Alyssa Koens, Profile's Nutritionist in Chief, gets you ready for Thanksgiving with some nutritional wisdom and delicious recipes to boot!
Here’s some food for thought: the average amount of calories consumed on Thanksgiving Day is around 3,000-5,000 calories! Eeek! While food usually hogs the spotlight during the holidays, it doesn’t have to overshadow your goals for good health. Knowing which foods you should be eating more of, and those you should enjoy just a few bites of, will help make your Thanksgiving Day a little healthier.
Typically, our Thanksgiving plate looks like this: stuffing, mashed potatoes, gravy, fried turkey, pumpkin pie, maybe a couple glasses of wine (not to mention the possibility of seconds, and thirds). All these foods are high in carbs, sugar, sodium and fat. Meanwhile, there’s hardly any fiber and the meal is low in antioxidants, vitamins and minerals. After eating this type of plate, we are usually bloated, tired, and all around feeling sluggish.
How to Enjoy Your Thanksgiving While Sticking to Your Nutritional Plan
One easy way to redo your Thanksgiving plate, and still enjoy some of your favorites is to start with greens and veggies and treat your plate like a pie chart.
- First, fill half your plate with vegetables, such as green beans, salad and brussels sprouts.
- Next, pile one-quarter up with turkey breast (or whichever lean protein you are serving)
- Leave the remaining one-quarter for your other favorite sides.
The total calories won’t be low, but it’s much more reasonable and you won’t feel like you’ve undone any progress. With the focus on vegetables, your plate will be much higher in vitamins, minerals, antioxidants, and fiber. If you go for seconds, trying to stick with veggies is a smart idea.
I know you’re probably going to eat more on Thanksgiving than you would on most Thursdays. And, I understand! It’s a holiday filled with food, family, friends, and football. But remember that one day isn’t going to undo all the amazing work you’ve done so far to get here. Enjoy your day and remember what the holidays are all about!
Try these dietitian-approved, wellness program and Profile-friendly recipes for your Thanksgiving meal this year!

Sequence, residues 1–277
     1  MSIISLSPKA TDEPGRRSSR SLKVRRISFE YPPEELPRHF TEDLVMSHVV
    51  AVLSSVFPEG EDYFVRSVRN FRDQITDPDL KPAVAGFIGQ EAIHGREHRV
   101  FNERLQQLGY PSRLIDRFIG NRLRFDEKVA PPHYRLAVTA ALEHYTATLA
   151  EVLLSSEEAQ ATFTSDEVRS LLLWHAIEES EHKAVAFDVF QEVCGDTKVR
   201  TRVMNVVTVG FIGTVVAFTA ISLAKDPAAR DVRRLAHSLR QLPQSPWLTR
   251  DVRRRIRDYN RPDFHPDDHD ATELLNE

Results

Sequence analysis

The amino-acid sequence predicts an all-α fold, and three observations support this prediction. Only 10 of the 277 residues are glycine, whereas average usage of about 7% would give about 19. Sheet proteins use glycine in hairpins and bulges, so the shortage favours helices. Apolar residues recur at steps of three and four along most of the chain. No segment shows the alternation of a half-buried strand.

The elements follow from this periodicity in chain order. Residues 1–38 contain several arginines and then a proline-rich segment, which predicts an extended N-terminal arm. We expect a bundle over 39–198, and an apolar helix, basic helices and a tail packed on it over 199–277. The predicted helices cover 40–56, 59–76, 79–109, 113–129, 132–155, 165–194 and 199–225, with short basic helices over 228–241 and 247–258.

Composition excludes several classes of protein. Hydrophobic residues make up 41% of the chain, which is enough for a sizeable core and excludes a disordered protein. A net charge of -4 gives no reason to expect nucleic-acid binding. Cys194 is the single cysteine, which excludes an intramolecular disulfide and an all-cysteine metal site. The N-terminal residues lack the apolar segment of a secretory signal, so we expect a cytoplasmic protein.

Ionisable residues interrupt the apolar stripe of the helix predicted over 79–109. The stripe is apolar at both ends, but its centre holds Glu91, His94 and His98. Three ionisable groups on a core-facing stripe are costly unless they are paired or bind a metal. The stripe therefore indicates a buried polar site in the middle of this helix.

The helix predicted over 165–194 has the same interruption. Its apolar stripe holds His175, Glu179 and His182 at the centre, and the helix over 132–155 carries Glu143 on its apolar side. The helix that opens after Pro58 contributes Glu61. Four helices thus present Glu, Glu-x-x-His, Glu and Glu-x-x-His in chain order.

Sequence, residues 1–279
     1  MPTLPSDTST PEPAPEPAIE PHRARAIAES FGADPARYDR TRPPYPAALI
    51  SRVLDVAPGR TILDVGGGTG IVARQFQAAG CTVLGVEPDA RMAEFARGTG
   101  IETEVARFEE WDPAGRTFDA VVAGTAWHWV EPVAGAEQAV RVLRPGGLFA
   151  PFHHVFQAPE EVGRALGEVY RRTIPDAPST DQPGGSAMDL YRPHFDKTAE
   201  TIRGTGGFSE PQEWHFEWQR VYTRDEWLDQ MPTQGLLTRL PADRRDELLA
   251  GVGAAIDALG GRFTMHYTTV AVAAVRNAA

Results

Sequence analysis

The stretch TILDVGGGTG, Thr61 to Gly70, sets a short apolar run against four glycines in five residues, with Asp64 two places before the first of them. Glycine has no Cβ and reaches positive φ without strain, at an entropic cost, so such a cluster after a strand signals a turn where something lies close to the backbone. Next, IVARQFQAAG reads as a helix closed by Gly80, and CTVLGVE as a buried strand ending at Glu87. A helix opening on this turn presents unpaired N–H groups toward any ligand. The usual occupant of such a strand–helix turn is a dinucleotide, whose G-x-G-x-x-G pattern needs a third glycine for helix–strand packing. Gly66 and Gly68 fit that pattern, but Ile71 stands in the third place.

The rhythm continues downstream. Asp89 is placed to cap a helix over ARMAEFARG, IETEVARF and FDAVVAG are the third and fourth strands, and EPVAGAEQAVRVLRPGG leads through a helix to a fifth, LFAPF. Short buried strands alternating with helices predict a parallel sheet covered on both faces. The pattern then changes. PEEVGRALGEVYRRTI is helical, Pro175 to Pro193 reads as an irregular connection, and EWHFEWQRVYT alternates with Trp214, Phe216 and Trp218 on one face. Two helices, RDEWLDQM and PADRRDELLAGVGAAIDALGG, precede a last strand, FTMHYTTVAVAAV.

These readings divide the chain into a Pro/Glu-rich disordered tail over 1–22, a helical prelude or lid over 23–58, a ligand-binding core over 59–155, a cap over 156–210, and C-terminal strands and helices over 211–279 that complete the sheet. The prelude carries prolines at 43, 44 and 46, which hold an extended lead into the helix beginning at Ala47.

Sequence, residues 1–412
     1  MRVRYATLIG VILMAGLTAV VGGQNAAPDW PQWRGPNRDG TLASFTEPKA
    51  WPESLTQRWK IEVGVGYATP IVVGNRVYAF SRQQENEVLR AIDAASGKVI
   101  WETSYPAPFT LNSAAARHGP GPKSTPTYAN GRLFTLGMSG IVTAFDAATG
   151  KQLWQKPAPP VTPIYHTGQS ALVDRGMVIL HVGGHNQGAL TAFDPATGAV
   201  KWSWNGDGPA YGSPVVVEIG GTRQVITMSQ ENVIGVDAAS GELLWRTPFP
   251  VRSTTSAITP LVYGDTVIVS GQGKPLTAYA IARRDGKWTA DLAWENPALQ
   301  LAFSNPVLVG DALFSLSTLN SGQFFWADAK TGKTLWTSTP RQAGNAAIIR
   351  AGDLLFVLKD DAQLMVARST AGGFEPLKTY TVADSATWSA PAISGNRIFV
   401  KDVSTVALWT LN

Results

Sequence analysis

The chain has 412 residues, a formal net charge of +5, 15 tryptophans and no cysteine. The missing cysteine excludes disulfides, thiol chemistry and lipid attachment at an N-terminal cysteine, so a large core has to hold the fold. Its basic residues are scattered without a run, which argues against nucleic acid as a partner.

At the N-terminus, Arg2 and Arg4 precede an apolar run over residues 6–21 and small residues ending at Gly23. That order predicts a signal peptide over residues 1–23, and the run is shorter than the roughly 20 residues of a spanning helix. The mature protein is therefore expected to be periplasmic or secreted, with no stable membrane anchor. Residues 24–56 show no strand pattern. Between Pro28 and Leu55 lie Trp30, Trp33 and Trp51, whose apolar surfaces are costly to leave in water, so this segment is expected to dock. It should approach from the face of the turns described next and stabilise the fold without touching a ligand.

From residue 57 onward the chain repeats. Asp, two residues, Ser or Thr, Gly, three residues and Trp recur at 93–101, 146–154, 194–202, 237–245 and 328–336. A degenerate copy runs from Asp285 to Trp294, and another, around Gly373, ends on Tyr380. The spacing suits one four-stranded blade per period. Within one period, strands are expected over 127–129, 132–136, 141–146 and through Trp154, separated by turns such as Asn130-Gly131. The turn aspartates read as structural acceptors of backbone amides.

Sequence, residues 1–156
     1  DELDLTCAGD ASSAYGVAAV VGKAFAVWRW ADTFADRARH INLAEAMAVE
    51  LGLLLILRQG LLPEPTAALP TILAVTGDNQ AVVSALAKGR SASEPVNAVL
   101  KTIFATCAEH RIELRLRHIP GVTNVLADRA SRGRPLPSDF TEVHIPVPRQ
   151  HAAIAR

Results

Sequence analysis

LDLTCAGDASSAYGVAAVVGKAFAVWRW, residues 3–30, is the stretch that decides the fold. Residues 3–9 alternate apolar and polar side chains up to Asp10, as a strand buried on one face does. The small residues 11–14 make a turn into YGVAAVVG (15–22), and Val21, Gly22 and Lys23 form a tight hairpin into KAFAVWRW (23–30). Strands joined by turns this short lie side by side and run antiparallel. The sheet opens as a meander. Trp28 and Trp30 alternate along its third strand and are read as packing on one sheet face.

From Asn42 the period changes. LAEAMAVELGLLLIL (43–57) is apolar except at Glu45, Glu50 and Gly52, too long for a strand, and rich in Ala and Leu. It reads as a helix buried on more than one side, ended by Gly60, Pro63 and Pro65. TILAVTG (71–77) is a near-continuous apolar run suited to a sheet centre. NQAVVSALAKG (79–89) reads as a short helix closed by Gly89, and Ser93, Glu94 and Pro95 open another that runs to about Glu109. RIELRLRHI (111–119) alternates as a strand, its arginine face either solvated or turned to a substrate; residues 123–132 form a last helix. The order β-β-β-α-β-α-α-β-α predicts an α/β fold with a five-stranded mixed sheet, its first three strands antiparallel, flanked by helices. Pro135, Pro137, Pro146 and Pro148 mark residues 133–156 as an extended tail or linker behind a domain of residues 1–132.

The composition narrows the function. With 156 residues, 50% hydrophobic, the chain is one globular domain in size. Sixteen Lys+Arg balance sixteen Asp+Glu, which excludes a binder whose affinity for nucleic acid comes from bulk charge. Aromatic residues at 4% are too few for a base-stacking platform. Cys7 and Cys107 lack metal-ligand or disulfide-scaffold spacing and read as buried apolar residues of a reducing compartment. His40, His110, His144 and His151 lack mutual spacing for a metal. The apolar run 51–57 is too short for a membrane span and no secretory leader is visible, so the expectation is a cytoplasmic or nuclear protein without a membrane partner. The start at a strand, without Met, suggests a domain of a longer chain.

BALSAMIC BRUSSEL SPROUTS
- ½ cup Profile Balsamic Vinaigrette
- 1½ lbs. brussels sprouts ends trimmed, cut in half lengthwise
- 2 cloves garlic coarsely chopped
- ¼ tsp salt
- ½ tsp pepper
- 4 tsp olive oil
- Preheat oven to 425 degrees
- Line a baking sheet with aluminum foil
- Trim off the outer, dry leaves, cut the bottom off and slice sprouts lengthwise
- In a large bowl, toss brussels sprouts with 4 tsp. olive oil, salt, and pepper to coat thoroughly.
- Transfer the brussels sprouts to baking sheet and roast until tender and caramelized, about 20 minutes.
- Place brussels sprouts back in bowl. Add Profile Balsamic Vinaigrette and toss to coat evenly.
- 4 tsp. olive oil
- 2 tbsp. apple cider vinegar
- ½ tsp. raw honey
- 1 dash salt
- 1 medium head cabbage finely shredded (about 5 cups)
- 2 medium carrots finely shredded
- ¼ cup pomegranate seeds
- ¼ cup chopped raw walnuts
- 2 green onions sliced thin
- 12 fresh cilantro sprigs finely chopped
- Combine oil, vinegar, honey, and salt in a small bowl; whisk to blend. Set aside.
- Combine cabbage, carrots, pomegranate, walnuts, green onions, and cilantro in a large bowl; mix well.
- Drizzle cabbage mixture with dressing; toss gently to blend.
Sweet Potato Casserole
- 4-6 large sweet potatoes peeled and cut into ¾- inch cubes
- 1 cup low-fat vanilla yogurt
- 1 tsp. cinnamon
- Pinch nutmeg
- Pinch salt
- 1 Tbsp. brown sugar optional
- 4 large egg whites lightly beaten
- ¾ cup chopped pecans
- ½ cup mini marshmallows
- Preheat oven to 350 degrees.
- Spray a 2.5-quart casserole dish with nonstick spray.
- Put the sweet potatoes in a medium saucepan with enough water to cover them.